WE’VE all heard of superfoods, but how much do you know about the supposed health benefits of eating them?
Here’s everything you need to know about the trendy food group, including our guide to the top “superfoods.”
What are superfoods?
There’s no real definition of what a superfood is, but the concept has become increasingly trendy in recent years.
The term is often used to refer to foods which are rich in antioxidants and omega-3 fatty acids.
Some people believe that superfoods can reduce the risk of heart disease, stroke and cancer.
However, scientists and dietary experts note that no one food, no matter how rich in antioxidants, can offset the damage of an unhealthy lifestyle.
The NHS guide to the trendy foods notes that the term superfood has been banned on packaging unless it’s supported by scientific evidence.
Instead, many experts prefer to talk about “super diets”, with an emphasis on a diet rich in fruit, vegetables and wholegrains.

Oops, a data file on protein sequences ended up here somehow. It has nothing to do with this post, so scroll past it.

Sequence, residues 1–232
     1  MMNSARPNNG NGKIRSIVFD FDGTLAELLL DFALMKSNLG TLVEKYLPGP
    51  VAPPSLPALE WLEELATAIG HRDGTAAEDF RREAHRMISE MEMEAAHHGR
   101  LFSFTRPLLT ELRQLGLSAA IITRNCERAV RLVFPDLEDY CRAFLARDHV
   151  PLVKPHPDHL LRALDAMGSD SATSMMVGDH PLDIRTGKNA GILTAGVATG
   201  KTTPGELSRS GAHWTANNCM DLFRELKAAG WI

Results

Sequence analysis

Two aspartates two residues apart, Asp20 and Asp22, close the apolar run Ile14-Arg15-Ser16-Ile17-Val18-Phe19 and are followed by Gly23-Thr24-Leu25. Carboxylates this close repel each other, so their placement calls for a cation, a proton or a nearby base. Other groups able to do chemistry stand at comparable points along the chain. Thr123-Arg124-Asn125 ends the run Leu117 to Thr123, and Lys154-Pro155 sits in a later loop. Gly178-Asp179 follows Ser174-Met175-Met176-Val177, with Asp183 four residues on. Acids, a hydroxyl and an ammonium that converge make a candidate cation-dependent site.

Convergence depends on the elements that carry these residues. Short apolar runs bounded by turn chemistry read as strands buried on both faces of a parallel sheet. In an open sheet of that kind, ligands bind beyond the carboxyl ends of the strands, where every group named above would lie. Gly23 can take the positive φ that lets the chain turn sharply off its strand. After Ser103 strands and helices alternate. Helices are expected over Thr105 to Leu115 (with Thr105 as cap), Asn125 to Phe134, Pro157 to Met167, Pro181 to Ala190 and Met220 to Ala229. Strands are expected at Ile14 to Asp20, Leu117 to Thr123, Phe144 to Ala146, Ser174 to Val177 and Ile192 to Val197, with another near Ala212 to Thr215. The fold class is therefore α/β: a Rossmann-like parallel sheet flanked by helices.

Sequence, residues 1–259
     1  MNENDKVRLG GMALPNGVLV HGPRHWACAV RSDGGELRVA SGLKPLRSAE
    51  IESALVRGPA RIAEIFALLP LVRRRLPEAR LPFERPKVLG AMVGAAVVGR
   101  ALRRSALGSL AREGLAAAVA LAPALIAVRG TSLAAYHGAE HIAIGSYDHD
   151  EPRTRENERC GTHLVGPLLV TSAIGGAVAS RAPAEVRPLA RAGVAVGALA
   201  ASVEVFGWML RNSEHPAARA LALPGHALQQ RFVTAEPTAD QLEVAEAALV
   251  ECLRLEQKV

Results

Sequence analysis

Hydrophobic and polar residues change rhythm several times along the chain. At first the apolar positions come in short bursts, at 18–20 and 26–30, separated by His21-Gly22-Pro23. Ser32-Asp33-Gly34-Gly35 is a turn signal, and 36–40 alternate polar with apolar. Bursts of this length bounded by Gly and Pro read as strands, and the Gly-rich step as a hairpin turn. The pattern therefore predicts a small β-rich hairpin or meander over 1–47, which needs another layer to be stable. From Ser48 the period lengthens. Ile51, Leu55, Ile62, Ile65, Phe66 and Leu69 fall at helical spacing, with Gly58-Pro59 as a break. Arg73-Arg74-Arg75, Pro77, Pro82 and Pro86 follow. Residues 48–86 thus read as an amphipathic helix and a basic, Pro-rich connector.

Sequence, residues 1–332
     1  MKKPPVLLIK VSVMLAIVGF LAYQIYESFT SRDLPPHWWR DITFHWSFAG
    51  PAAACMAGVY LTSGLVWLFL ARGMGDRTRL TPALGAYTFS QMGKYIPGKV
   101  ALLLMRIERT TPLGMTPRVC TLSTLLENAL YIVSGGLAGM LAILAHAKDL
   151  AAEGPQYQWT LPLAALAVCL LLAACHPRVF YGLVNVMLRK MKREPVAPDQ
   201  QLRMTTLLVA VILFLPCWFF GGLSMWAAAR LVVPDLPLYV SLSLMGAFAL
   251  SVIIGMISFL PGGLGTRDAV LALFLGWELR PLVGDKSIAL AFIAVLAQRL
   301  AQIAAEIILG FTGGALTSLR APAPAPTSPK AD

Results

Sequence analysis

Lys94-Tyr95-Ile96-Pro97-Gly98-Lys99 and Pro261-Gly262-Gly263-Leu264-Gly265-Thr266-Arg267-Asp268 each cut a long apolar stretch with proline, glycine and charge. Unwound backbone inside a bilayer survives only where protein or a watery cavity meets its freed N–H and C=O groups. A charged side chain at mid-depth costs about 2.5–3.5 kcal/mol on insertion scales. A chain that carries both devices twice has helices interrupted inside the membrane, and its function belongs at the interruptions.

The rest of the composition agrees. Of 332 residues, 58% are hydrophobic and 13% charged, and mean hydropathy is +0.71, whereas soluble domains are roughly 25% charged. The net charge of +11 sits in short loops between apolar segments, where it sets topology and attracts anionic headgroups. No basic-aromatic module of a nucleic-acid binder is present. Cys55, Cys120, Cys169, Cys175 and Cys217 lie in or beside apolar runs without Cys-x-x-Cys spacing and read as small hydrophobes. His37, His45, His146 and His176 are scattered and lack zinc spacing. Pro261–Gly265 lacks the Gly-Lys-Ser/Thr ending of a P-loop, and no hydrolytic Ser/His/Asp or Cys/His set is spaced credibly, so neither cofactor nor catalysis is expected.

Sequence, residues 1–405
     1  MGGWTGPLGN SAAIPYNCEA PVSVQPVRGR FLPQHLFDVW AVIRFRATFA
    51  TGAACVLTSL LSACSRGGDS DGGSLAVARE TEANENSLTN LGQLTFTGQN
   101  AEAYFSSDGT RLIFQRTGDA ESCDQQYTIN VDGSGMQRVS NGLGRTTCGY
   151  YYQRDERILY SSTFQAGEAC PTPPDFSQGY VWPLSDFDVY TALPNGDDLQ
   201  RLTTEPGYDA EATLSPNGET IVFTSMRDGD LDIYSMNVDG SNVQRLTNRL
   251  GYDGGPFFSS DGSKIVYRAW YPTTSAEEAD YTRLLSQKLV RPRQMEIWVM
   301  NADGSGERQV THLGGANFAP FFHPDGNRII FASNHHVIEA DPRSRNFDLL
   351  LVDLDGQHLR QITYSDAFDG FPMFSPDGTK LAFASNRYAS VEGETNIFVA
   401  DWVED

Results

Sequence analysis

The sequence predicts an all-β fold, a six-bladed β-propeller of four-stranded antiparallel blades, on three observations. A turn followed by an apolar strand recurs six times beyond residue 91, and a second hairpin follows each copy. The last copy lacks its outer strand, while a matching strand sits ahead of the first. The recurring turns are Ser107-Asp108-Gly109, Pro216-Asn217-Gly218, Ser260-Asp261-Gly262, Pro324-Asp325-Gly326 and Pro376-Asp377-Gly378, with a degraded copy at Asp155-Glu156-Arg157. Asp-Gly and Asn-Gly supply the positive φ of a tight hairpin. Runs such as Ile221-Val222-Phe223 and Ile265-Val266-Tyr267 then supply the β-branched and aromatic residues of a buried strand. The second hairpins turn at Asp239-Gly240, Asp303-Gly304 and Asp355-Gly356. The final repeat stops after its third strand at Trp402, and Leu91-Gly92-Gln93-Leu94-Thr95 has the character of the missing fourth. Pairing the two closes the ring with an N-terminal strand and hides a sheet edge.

Even so, some people still extol the virtues of superfoods, with the antioxidant level of foods measured using the ORAC (Oxygen Radical Absorbance Capacity) scale.
The scale was used to rate superfoods before scientists scrapped the measure because there was a lack of evidence relating to how healthy high-ORAC foods really are.
What are some of the top “superfoods”?
There’s no definitive guide to the ultimate superfoods, but there are some contenders which crop up time and time again.
Here are some of the most-touted superfoods, and what the NHS says about how healthy they really are…
The original superfood, blueberries are a good source of vitamin C, fibre, manganese and other antioxidants.
While they are brilliant as one of your…